Meetings In English – How To Answer Hostile Questions In English
How To Answer Hostile Questions In English. We’ve all faced difficult questions in a meeting or presentation and in this post I give you my top tips and some English expressions to help you.
Imagine the work situation. You and your team have been working hard on an important project and you’ve been asked to give a progress report. And there have been several rumours you need to address…
- the project is running late and will be behind schedule
- costs are rising and the project will be over budget
- the results are unclear
- ROI will only be 6% (forecast was 12%)
In this scenario you are likely to face hostile questions from a difficult audience. And you will need to keep calm and be professional when speaking. So what can you do?
Solution – My Top Tips
Keep these simple tips in mind:
- prepare your answers and practice them by audio recording yourself twice.
- be diplomatic, confident and firm when speaking.
- you can disagree strongly, but avoid saying ‘no’ directly.
- keep your answers simple and concise.
- learn other professional ways to say “no”.
Useful Business English expressions
In these three conversations, I give expressions which are other ways to say “no” that are simple and professional. So you can project a calm and professional image when speaking in English.
Expressions – not yet, hopefully not, not necessarily, yes, I know, not as a rule, not at all, not really, granted, not quite, not entirely, true, to some degree.
Let’s get started:
You have to admit that this has been an internal communications disaster.
Not at all. The team has done an excellent job. It was a tough project.
But wouldn’t it have been better if you’d outsourced the creative communication work?
Not really. For one thing, it would have cost three times more.
But it was you who said we should spend more on “creative work”.
Granted. But the budget was limited and it wouldn’t have stretched to include it.
So you’re happy with the way things went?
Not entirely, and there are definitely things to improve, however I also think there were one or two positives.
Have you reached an agreement with Malay Constructions yet?
Not yet. There are still some minor things we need to discuss.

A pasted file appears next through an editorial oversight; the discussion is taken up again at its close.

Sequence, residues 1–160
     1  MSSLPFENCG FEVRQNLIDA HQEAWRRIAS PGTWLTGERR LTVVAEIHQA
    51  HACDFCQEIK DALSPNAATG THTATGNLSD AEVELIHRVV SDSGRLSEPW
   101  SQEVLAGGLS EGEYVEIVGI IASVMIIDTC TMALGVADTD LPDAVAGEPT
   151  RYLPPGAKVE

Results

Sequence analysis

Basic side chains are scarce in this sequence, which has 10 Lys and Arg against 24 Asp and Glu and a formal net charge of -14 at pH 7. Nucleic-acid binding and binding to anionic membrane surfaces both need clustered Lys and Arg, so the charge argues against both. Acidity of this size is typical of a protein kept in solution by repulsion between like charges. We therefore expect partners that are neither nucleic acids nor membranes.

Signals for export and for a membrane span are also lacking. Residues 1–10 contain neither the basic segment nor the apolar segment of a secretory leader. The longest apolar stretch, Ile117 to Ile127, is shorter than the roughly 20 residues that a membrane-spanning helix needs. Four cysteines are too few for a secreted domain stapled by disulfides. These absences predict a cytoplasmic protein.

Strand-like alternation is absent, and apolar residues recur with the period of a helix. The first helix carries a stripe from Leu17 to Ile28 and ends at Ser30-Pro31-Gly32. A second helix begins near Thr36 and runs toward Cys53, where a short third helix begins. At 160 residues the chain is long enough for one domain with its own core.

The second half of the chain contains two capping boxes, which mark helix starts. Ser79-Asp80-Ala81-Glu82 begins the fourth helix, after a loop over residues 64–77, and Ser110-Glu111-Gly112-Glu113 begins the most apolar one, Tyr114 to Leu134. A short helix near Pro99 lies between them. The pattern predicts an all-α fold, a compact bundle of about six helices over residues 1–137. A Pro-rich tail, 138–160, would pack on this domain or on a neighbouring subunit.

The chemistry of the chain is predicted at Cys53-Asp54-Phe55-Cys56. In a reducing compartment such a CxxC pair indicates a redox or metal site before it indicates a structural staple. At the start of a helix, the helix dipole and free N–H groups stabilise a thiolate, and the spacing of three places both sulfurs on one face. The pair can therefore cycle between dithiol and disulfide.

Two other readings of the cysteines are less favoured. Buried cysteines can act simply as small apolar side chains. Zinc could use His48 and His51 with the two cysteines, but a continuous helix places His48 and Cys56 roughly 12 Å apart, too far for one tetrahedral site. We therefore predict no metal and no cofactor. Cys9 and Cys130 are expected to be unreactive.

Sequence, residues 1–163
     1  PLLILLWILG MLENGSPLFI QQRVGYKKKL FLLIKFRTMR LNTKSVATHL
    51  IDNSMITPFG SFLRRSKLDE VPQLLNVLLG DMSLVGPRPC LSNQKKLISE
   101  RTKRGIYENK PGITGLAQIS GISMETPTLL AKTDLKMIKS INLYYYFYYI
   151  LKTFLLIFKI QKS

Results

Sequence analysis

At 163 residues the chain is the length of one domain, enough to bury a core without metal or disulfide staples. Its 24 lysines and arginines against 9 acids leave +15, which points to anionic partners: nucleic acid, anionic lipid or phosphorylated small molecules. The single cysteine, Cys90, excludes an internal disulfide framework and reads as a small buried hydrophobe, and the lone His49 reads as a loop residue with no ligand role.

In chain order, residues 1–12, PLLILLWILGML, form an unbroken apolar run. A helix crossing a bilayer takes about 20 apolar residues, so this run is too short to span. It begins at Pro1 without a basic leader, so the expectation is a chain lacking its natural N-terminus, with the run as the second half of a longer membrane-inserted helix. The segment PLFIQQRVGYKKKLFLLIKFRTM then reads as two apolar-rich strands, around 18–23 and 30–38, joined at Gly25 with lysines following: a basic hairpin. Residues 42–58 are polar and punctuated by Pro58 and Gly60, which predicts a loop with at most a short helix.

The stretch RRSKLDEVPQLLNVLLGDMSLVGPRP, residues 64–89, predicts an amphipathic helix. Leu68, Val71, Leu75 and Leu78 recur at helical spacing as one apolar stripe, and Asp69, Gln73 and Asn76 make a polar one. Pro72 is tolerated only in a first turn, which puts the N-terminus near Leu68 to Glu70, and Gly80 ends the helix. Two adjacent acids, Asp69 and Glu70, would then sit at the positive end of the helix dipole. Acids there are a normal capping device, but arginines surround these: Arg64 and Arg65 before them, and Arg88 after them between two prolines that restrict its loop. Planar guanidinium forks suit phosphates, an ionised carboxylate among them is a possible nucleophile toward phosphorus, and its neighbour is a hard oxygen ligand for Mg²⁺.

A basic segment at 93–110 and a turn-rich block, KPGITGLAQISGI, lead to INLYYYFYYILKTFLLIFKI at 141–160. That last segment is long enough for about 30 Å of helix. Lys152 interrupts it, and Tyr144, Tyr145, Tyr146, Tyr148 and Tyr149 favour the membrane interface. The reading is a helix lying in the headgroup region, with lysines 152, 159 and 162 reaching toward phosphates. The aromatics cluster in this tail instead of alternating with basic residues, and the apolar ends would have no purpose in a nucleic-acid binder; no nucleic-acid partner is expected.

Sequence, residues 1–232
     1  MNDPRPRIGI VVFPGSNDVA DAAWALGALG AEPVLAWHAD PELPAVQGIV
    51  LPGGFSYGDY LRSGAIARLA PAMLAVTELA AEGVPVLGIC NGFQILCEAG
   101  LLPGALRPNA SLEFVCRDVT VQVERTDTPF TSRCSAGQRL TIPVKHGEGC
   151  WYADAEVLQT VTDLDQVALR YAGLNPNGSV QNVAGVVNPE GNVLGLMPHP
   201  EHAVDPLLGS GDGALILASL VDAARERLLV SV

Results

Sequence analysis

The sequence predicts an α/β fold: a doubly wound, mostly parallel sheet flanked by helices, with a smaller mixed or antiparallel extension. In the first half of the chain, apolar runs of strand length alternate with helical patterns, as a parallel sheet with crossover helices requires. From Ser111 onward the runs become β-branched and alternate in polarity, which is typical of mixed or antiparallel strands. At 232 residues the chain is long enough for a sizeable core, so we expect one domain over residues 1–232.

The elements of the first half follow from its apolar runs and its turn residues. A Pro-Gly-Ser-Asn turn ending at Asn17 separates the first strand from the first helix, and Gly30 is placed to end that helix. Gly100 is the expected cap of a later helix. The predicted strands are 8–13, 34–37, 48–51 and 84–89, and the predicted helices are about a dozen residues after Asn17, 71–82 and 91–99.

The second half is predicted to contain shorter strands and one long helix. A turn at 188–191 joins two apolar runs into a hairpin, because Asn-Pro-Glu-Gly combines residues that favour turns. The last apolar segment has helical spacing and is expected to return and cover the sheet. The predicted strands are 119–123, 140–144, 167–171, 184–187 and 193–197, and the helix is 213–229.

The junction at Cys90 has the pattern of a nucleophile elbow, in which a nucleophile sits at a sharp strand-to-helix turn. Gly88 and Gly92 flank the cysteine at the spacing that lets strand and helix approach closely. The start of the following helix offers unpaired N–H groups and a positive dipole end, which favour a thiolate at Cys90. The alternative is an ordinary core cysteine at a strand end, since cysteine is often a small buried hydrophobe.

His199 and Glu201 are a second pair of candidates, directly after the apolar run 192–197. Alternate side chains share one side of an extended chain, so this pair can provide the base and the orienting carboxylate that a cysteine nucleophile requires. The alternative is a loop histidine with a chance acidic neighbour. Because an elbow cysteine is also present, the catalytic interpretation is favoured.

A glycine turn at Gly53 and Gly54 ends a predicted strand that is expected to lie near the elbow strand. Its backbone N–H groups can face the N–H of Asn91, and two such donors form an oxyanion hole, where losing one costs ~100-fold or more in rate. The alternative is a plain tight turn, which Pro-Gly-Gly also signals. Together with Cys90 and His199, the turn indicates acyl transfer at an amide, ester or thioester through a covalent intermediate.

But you’ve had almost 4 months to discuss them.
True. Four months seems a long time but that is the standard waiting time when dealing with Malaysian construction companies because of Government ‘red tape’.
Mm, hasn’t the fact that we have good contacts at Government level helped at all?
To some degree, but we still need to go through the right bureaucratic channels. We hope to get a final agreement in October.
October! Won’t that cause big problems for the launch.
Hopefully not. We’ve managed to reorganise and reschedule most things and it should work.
So have we lost all the new client files from the last month when the network went down?
Not necessarily. Just the new clients from the last two weeks.
I see. I suppose it’s too late to recover that information, isn’t it?
Not quite. I’ve spoken to IT and there should be a way of retrieving the information.
What I don’t understand is the ERP program did not do a back up?
Yes, I know. It is standard procedure.
Does this happen a lot?
Not as a rule. It was just one of those unfortunate things.
I hope this helps you with your job and professional career, Christopher!
Sources: ‘English With A Twist’ Shanthi Cumaraswamy Streat and Presenting in English by Mark Powell.
Think of a meeting you had where you faced difficult questions, now think of new answers. Then practice saying them.
My Top Tip Recommendation: How you can help other professionals follow what you say in English
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See you soon! / ¡Hasta pronto!
The English Training Company
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